By Patrick J. Buchanan
As the Islamic warriors of ISIS rolled down the road from Mosul, John McCain was an echo of French Premier Paul Reynaud, when word reached Paris that Rommel had broken through in the Ardennes:
“We are now facing an existential threat to the security of the United States of America,” said McCain.
But nothing that happens in Mesopotamia is going to threaten the existence of the United States. As for the terrorist threat from ISIS, for us it is neither greater nor less than it was a week ago.
The existential threat here is to Iraq. Its survival as one nation is now in question, with the possibility it could be torn apart in a civil and sectarian war. But this is preeminently Iraq’s problem, not ours.
And if Prime Minister Nouri al-Maliki, his 900,000-man army, and Shia militia cannot defend Baghdad from a few thousand Islamist warriors, America is under no obligation to do it for them.
Maliki told us to go home three years ago. We did. And before we plunge back into that misbegotten war, let us consider what the real threats are — to America.
The Islamic State of Iraq and Syria consists of fanatics who seek to carve a caliphate out of territory they now control from Aleppo in Syria to 60 miles north of Baghdad.
Yet they have halted before Baghdad. And among the reasons is that Iraq’s Shia majority is not going to allow Sunni zealots to capture their cities, smash their shrines, and murder their fellow Shia.
They will fight, as the Iraqi army did not.
Secondly, ISIS has as allies in the north and west of Iraq Sunnis who detest Maliki and wish to be rid of him. But these Sunni are not demanding a Taliban regime to abolish smoking and drinking. Nor are they fighting to cut off the heads of their Shia countrymen.
If ISIS goes beyond the liberation of the Sunni triangle to trying to take over all of Iraq, they will lose many Sunni allies and find themselves facing Iraq’s Shia majority, backed up by Iranian forces, virtually alone.
But while the Iraqi army and Shia militia may well hold Baghdad, it is hard to see how Maliki can soon reconquer the Sunni provinces. For the Sunnis want no part of him or his regime.
Nor does Maliki seem capable of taking back Kirkuk, which the Kurds seized in the chaos as a step toward independence.
What should America do? Take a hard look at our entire Middle East policy.
Consider. We are now providing weapons to the Free Syrian Army to oust Bashar Assad. “Assad must go!” blared Barack Obama in one of his many ignored ultimata.
But should Assad fall, the result will be the persecution of the Syrian Christians, a massacre of the Alawites, and a possible takeover of the country by the al-Qaida-linked al-Nusra Front and ISIS.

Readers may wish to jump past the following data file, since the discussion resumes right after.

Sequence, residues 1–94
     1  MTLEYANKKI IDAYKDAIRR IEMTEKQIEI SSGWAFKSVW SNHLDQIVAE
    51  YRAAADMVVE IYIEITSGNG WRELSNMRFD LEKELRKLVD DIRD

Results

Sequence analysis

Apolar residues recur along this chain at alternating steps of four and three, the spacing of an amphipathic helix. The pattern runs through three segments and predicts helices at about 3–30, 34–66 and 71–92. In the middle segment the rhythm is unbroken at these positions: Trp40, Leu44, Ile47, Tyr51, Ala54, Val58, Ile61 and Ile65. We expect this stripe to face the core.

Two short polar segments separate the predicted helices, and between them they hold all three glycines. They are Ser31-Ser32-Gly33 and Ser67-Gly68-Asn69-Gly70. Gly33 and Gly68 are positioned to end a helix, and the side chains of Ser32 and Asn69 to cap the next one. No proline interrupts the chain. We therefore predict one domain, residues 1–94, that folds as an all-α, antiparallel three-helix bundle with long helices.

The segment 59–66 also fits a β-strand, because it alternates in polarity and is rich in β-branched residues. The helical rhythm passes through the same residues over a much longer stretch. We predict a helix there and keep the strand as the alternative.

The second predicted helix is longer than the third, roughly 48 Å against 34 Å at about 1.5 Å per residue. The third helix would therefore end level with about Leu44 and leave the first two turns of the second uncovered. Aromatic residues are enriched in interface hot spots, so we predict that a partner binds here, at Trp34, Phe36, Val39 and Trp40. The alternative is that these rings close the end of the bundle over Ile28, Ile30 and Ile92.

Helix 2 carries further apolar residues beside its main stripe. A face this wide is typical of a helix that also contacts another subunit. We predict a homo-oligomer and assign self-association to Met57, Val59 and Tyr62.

Is any of that in America’s interests?
Vladimir Putin lately raised a valid question: Why, in Syria, are the Americans on the same side as the people who took down the twin towers? Indeed, why are we?
And who is fighting al-Qaida and ISIS in Syria, battling those McCain calls an “existential threat” to American security?
Bashar Assad. Hezbollah. Iran. Russia.
Tehran has reportedly volunteered to work with us in providing military aid to prop up the Maliki regime and keep ISIS out of Baghdad.
If we regard the survival of the Maliki regime to be in our national interests, why would we not green-light the Iranians to do this?
When Hitler turned on his partner Stalin, the United States rushed military aid to save the monster whom FDR and Truman took to calling “Good Old Joe” and “Uncle Joe” at Tehran, Yalta and Potsdam.
Is the Ayatollah somehow worse than Stalin?
Yet, consider, too, how our allies in the Gulf and Middle East have behaved in Syria.
The Turks, clamoring for the overthrow of Assad, looked the other way as jihadists moved into Syria. The Gulf states and Saudis have reportedly sent money and military aid to the extremists.
Are the Turks and Gulf Arabs aiding these jihadists in the belief they will not turn on them, if and when Assad and Maliki fall? Do they think that by feeding this tiger ISIS, it will eat them last?
We may be entering the early stages of a sectarian war between Sunni and Shia across the Middle East. The ISIS claim of having executed 1,700 captured Shia soldiers in Iraq is surely intended to ignite one.
If it happens, this war could spread to Lebanon, Jordan and down into the Gulf states where Shia outnumber Sunnis in Bahrain and in the oil-producing provinces of the Saudi northeast.
Does the Middle East today — Iraq, Syria, Yemen, Libya, Lebanon — look like what we were promised by George Bush and his neocon advisers when they were beating the drums for a U.S. invasion of Iraq?